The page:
The inspiration people seek: For almost everyone that knows the Gaien-mae name, the first image it invariably brings to mind is the beauty of the ginkgo tree-lined avenue seen from R246 running straight toward the Meiji Memorial Picture Gallery. In the late autumn sunlight, the trees wear a rich golden halo that spreads to the ground, but this isn’t the only season to enjoy them. In summer, with the nearly tropical heat that now besieges Tokyo every year, the shade of the avenue’s trees and the smell of the earth offer a soothing respite for visitors to Jingu Gaien. You can also hear the enthusiastic voices of people enjoying sports or the occasional crack of a baseball bat. For many, another attraction is that this is also one of the few places left in Tokyo where you can see a wide-open sky overhead without obstruction. Read more In terms of urban design, Jingu Gaien isn’t an area that reflects traditional Japanese architecture or city layouts from centuries past, but it does reflect the early efforts to assimilate things from the West, but with Japanese flavor, during the country’s modernization period in the early 20th century. The word “Jingu” indicates a Japanese Shinto shrine of great importance, and that fact that this area is now a place where people come to enjoy Western sports like soccer, rugby and baseball is also very “Japanese.” For fans of a certain video game, “Jingu Gaien” and “R246” are now special and symbolic locales – ones that people around the world dream of someday visiting and going for a spin down.
In short: Gaien-mae is located roughly in the middle of the section of R246 called Aoyama-dori, and its name is actually not an official place name but the name of a station on the Ginza Line, Japan’s oldest subway line. “Gaien” is short for “Meiji Jingu Gaien,” a facility complex connected to the Meiji Shrine in Harajuku via the shrine’s northern pilgrimage road. “Gaien-mae” is used to describe the area situated southwest of this complex.
The roughly 300-meter stretch of road from Aoyama-mon on R246 to Jingu Gaien’s symbolic Meiji Memorial Picture Gallery building is known for the beauty of the ginkgo trees that line its length when their leaves turn golden yellow in autumn. They attract many visitors during the season and are a famous spot for filming and photography. Jingu Gaien is also one of the “New 100 Famous Sights of Tokyo” and several sports facilities where top-level athletes compete are located here.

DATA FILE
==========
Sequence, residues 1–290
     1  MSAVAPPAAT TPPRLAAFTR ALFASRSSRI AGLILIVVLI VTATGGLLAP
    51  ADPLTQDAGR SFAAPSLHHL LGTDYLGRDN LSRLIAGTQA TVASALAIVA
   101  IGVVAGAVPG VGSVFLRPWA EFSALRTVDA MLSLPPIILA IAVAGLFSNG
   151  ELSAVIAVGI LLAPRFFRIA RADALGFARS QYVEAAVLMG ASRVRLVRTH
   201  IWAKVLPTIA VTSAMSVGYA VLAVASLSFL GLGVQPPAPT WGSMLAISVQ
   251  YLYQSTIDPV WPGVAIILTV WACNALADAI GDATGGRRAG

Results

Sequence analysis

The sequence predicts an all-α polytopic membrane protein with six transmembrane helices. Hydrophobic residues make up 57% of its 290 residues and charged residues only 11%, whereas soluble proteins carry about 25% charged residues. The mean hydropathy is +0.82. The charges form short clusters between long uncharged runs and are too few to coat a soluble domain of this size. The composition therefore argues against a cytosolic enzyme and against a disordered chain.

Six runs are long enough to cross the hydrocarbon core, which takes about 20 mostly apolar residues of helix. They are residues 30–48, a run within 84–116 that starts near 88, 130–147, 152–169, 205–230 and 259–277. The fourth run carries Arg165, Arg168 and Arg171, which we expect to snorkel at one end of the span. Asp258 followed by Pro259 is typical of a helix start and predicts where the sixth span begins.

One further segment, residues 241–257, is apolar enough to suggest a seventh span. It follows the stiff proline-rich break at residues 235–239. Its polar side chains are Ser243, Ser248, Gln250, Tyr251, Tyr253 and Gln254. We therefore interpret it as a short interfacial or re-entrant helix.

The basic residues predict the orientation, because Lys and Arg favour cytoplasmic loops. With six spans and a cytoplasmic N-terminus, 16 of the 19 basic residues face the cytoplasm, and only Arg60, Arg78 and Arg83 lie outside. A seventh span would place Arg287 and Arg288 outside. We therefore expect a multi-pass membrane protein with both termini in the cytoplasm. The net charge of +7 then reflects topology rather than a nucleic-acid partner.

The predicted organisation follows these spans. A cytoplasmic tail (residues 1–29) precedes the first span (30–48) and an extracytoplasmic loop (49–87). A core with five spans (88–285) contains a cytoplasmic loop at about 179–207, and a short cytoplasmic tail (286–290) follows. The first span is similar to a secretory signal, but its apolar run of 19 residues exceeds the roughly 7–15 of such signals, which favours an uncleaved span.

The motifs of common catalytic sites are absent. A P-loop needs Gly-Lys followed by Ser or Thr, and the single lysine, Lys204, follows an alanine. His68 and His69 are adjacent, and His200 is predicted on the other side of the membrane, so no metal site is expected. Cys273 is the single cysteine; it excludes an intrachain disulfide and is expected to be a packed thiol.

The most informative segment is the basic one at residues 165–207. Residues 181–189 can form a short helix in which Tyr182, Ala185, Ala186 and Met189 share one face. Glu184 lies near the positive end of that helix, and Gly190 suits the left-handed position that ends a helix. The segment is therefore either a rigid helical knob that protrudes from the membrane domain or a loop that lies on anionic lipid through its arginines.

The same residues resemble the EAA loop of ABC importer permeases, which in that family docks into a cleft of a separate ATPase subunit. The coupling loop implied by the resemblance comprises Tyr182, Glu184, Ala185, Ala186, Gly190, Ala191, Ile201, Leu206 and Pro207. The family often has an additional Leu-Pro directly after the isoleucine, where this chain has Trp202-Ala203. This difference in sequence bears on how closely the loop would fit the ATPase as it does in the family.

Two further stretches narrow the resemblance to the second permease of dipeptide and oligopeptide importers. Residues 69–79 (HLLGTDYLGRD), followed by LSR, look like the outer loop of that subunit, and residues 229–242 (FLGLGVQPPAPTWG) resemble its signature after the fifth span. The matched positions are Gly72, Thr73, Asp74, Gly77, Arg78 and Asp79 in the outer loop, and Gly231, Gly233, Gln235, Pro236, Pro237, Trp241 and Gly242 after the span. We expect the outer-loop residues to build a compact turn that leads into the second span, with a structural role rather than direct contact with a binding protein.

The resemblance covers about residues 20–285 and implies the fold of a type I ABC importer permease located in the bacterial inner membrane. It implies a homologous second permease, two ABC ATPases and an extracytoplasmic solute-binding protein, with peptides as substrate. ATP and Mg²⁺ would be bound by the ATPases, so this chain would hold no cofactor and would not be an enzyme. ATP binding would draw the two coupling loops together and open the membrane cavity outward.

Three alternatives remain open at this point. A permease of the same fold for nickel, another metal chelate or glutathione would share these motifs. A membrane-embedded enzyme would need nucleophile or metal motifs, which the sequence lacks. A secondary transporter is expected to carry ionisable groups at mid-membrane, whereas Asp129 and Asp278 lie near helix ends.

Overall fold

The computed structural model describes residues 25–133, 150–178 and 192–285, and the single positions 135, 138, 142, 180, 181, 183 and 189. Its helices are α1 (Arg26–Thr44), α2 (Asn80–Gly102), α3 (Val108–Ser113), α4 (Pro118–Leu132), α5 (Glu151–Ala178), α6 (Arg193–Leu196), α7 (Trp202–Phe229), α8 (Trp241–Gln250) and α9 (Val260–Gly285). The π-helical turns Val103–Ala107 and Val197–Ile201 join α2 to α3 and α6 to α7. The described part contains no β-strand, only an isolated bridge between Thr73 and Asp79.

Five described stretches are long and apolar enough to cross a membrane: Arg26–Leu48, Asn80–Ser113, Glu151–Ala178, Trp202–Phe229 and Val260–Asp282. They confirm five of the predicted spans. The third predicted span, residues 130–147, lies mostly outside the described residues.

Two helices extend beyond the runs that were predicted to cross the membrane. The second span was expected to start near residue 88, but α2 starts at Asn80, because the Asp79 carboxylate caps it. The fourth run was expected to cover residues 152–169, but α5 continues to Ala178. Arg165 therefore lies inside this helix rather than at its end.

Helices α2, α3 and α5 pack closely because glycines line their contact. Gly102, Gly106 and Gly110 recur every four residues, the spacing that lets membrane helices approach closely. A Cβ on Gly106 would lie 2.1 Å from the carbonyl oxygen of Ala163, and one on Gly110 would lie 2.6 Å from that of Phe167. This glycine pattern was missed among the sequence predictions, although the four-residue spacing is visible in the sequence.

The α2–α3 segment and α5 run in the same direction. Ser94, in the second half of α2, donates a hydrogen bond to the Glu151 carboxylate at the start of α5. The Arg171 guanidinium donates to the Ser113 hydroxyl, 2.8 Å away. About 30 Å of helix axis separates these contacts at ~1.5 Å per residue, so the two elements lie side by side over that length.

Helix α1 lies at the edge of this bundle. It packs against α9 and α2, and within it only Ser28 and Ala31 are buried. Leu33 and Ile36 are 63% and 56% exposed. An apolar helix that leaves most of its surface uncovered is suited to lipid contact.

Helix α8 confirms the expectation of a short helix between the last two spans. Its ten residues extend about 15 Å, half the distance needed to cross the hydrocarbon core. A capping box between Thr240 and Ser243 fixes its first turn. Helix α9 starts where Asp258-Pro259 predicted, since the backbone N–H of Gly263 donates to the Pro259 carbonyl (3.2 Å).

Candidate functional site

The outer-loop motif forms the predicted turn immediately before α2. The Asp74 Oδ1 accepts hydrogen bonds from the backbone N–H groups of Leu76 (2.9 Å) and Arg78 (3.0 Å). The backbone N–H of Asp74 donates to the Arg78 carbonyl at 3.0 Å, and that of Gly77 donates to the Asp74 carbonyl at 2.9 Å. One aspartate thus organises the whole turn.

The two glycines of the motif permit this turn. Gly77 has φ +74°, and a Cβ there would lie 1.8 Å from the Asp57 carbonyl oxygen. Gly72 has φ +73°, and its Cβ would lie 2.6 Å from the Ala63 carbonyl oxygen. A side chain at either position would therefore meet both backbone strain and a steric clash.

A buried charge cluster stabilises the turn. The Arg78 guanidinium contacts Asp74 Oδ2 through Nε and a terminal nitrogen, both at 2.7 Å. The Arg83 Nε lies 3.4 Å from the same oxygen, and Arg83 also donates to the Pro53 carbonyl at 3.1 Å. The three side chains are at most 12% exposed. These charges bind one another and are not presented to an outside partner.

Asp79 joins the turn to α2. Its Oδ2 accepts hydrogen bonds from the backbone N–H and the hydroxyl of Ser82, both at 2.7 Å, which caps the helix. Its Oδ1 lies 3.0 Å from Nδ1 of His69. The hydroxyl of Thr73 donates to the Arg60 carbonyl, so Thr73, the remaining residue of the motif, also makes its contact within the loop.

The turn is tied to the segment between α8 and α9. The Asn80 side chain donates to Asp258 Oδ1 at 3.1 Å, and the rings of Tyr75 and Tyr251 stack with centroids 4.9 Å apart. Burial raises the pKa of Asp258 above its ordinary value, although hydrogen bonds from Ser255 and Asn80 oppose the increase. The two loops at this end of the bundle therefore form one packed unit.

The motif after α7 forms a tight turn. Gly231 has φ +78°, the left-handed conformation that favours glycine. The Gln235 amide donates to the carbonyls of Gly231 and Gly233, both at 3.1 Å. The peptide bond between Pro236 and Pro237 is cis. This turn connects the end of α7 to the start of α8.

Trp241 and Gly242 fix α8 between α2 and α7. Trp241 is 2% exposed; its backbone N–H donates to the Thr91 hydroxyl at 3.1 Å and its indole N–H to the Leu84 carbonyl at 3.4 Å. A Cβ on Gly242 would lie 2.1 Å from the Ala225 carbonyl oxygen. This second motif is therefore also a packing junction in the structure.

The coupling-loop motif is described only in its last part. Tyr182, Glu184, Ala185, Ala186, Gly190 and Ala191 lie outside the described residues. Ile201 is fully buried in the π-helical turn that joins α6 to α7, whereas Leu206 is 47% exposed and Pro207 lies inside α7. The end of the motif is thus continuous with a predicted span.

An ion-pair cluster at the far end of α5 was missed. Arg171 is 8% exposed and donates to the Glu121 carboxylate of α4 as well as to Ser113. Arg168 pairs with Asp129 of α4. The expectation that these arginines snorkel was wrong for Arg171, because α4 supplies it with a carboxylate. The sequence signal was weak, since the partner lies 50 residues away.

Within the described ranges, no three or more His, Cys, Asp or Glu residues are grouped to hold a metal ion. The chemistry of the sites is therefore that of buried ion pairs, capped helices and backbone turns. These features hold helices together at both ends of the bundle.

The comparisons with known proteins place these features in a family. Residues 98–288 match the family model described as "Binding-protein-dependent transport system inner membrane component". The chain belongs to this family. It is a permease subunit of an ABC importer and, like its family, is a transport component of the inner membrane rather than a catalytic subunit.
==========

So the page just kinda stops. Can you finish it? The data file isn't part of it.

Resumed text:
The Tokyo Olympic Stadium originally built for the Tokyo Olympics in 1964 can be found here, and it will be refurbished and used again as the main stadium for the upcoming 2020 Olympics. The Chichibunomiya Rugby Stadium and the Jingu Baseball Stadium are also located here.
Some background: In the early Edo Period, this area of the city was known as Aoyama-juku because it was the location of the estate of the Aoyama Clan, retainers to the first Tokugawa Shogun, Ieyasu. The road running uphill from today’s Gaien-mae intersection on Aoyama-dori past the Chichibunomiya Rugby Stadium existed back then, and extended slightly farther up to where the first base stands of the Jingu Baseball Stadium are today. Along this part of the road stood the homes of the “Aoyama Koga One Hundred.” As the name implies, these were people with roots in the Koga ninjas active during the Warring States Period. In the ensuing Tokugawa reign, they now lived here in Aoyama as one of four “Groups of 100” (riflemen), guarding the Ote-sanno-mon Gate to Edo Castle and escorting the shoguns on their visits to the temples of Kaneiji and Zojoji. Read more Entering the Meiji Period, most of the area known as Jingu Gaien today was the army’s Aoyama Parade Grounds. When the Meiji Emperor passed away in 1911, construction of Meiji Shrine (the inner gardens) began, and the site of today’s Jingu Gaien was set aside for building “places to strengthen the body and train the mind, and bases for the development and spread of culture and the arts.” Japan’s first subway line, the Ginza Line, ran from Asakusa to Nihonbashi, Ginza and on to Shibuya, and Gaienmae Station was added to the line in 1938. With the holding of the 1964 Tokyo Olympics, R246 was widened to its current three lanes, and Gaien-mae got the boundaries it still has today.